NEWS

Motion capture takes off

New motion capture class is a hit among animation students.

New motion capture class is a hit among animation students. Since the advent of cartoons, creative types have been looking for methods to make the figures more lifelike. Stop-action gave figures more dimension and recent advances in animation techniques have created more life-like movements. Animation has grown into an in-demand industry with figures being used in film, advertisements, and video games.

The latest technology being taught at Bloomfield College is motion capture in which sensors are placed on the human body and tracked through a computer program which can then be manipulated and moved into a 3-D program for final touches. The blockbuster movie Avatar, was one such use of this technology.

Bloomfield College now has a motion capture studio, the first of its kind in a north eastern college, to give Creative Arts & Technology students one more skill to add to their educational resumes.

MoCap, as it is known in the industry, is not just for the entertainment field. This technology is widely used by medical researchers to study gait and facial analysis essential in rehabilitation and in working with autistic children, the elderly, and the handicapped. MoCap takes a vital role in studying ergodynamics in order to develop safer workplaces. Within the military, MoCap is integrated into systems for virtual training.

In the entertainment industry, MoCap is used to produce high-end animation and is a successful tool to pre-visualize scenes in movies. Incorporating motion capture allows a director to fine tune a scene before, during, and after shooting it, making the entire process more efficient and less costly.

In the video gaming world, MoCap has become the creative and production gold standard. Game designers and developers recognize that the more lifelike the game, the more desirable it is on the market. Using MoCap to develop the most human-like movement allows the players to fully immerse themselves in the virtual world while playing the game.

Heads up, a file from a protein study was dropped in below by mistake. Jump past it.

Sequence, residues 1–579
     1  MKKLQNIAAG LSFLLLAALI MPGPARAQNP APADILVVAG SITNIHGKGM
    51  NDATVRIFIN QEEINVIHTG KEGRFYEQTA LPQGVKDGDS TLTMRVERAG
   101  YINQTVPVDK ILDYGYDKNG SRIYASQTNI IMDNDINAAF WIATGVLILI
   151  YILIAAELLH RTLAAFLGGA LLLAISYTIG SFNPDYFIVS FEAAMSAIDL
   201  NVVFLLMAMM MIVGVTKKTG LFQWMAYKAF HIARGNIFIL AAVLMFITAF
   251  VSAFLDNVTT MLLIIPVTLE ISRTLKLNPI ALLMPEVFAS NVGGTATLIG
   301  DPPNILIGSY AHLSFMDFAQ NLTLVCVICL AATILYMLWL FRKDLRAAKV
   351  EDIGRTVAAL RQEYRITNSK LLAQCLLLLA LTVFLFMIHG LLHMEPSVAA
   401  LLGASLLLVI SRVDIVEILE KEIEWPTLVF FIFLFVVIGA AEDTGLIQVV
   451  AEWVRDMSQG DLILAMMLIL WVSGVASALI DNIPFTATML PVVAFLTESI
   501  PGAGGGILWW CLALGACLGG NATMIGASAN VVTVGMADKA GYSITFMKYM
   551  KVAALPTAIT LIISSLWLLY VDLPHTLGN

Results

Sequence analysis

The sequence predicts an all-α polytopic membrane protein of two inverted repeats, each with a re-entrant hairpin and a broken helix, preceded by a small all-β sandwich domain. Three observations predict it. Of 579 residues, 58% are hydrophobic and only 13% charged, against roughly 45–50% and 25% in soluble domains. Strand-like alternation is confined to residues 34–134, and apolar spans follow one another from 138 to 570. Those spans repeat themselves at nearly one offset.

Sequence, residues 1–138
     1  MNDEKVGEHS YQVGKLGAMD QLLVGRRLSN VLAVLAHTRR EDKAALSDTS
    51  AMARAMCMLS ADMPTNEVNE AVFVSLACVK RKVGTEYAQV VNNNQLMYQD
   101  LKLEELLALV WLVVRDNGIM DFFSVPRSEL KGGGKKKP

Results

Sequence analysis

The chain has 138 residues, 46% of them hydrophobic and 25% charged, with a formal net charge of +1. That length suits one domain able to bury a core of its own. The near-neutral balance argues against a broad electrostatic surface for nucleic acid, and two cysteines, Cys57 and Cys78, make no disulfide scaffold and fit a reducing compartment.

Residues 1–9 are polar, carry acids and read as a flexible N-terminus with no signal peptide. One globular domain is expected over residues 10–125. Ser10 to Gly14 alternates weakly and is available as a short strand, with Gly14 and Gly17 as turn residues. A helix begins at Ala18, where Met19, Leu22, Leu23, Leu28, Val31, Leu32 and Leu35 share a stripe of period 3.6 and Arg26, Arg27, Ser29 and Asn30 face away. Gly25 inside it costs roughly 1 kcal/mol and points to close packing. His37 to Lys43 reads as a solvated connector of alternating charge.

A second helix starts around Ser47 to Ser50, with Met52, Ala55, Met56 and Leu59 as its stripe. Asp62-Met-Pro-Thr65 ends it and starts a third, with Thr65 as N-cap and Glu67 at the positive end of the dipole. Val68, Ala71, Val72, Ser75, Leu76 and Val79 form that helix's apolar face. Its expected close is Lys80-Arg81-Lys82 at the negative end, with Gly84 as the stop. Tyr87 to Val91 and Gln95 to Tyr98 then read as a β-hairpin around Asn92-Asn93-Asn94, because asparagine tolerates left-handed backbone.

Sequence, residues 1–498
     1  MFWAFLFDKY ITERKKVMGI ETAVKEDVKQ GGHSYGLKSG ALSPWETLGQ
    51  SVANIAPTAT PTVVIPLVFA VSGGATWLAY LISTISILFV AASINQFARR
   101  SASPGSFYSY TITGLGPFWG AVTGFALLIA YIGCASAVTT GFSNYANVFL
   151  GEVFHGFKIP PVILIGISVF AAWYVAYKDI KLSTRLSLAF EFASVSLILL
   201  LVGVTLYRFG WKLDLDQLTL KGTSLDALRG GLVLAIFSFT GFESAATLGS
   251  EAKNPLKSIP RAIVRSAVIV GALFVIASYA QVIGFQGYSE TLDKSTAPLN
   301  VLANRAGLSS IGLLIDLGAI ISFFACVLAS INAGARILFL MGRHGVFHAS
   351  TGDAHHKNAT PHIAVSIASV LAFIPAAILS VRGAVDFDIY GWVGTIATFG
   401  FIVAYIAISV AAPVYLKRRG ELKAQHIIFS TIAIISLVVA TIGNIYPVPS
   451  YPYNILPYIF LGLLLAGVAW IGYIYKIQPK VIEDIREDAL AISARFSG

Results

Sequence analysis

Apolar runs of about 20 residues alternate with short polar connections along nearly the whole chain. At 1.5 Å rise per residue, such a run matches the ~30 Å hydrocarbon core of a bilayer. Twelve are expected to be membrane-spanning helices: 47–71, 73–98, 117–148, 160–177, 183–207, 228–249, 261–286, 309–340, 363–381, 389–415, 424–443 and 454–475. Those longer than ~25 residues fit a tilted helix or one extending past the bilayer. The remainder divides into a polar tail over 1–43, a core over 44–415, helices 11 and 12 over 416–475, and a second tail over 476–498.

Inside the Bloomfield College studio, the MoCap system captures a performer’s movements and data is then tracked in 3-D, using the software tool Cortex, transferred to MotionBuilder and applied to a virtual character. Bloomfield College uses a leading digital, optical motion capture system from Motion Analysis Corporation. The College owns Maya, 3-D Studio Max, and SoftImage XSi which are other 3-D animation software packages that can utilize MoCap data.

Careers in MoCap

While someone with motion capture skills could find a career in the gaming industry, careers are emerging in the entertainment industry. Motion capture operators, technicians and animators now participate in all of the facets of the production process in films, TV and the internet.  Some newer trends like blending 3-D effects using motion capture is the newest innovation and widely used in the film industry.

Social and medical sciences are seeking people with motion capture skills to measure biomechanics, behaviors, and facial expressions. The sports analysis field is hiring people with motion capture skills to improve the athletes’ performance and help prevent injuries. These skills, coupled with education in the gaming industry, film making, video editing, biomechanics, sociology, and research, will make a graduate of Bloomfield College that much more marketable.